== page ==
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county was organized January 2, 1833.
It was named after the American
Revolutionary War, General Nathanael Greene.
Springfield is the County
Greene County in 1865
Situated in the south-western
part of the State, is, topographically speaking, higher than any of the
adjacent country, and the streams are all clear and rapid. The prairies
are large, rich and beautiful, skirted by timber along the streams, and in
Occasional “barrens” intervene which are stony and
sparsely timbered. Though timber is not very abundant, there is sufficient
for all practical purposes. The elevated ridges, erroneously named “Ozark
mountains”, extend through this county. The soil is not as deep and
fertile as in many portions of the State, yet it is considered a good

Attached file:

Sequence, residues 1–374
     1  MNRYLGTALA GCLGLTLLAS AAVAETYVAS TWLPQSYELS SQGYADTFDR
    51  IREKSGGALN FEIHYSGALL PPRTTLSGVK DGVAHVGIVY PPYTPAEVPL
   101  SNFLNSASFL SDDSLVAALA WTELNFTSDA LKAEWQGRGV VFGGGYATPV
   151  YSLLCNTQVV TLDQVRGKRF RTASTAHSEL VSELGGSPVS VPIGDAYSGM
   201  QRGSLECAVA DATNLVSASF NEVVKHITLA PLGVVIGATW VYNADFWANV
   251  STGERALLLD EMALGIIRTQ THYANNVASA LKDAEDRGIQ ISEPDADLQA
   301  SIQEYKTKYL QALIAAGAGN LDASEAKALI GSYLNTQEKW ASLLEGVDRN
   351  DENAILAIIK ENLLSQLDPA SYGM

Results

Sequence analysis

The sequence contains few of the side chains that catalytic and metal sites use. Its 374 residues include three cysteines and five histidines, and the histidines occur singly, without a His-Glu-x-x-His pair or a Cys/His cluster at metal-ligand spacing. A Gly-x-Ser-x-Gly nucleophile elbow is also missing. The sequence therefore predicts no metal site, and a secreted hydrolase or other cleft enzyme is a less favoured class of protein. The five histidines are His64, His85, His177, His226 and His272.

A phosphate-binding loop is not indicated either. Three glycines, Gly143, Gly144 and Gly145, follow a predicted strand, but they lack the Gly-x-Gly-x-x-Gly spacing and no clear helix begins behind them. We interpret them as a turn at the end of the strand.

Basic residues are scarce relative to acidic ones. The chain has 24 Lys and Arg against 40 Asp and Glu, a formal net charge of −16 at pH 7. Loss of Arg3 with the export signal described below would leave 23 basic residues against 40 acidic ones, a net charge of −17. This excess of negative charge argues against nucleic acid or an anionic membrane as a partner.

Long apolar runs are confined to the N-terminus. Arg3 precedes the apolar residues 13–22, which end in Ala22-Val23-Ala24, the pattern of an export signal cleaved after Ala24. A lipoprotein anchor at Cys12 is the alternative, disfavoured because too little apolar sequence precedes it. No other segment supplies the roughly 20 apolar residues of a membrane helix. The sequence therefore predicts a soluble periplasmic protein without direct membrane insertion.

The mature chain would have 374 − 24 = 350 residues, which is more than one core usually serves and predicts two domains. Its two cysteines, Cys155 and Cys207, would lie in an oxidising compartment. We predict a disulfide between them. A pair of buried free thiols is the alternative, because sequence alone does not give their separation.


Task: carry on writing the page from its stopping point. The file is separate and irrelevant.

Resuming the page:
agricultural district and is well adapted to the culture of all kind of
cereals, grasses, and produces an abundant yield of fruit. It is
peculiarly adapted to grape culture, and the neglected “barrens” contain
all the elements to insure success in vine growing, and with proper
management would yield a greater profit than many of the farms that
produce 25 to 30 bushels of wheat to the acre. Peaches grow large, and
The country is well watered, as is shown upon the map,
besides large springs of clear, cold water are abundant, some of which
furnish excellent water power for manufacturing. Of minerals, there are
beds of iron, copper and lead, but no systematic mining has yet been
The Southwest Branch of the Pacific railroad will traverse the
county when completed. The variety of soil, mild and healthy-climate,
advantageous natural position and certain market for all farm products,
and remunerative wages for all kinds of labor are inducements which
immigrants should not overlook.
Source is: P.M. Pinckard, The
Missouri handbook, St. Louis, 1865, 162 pgs.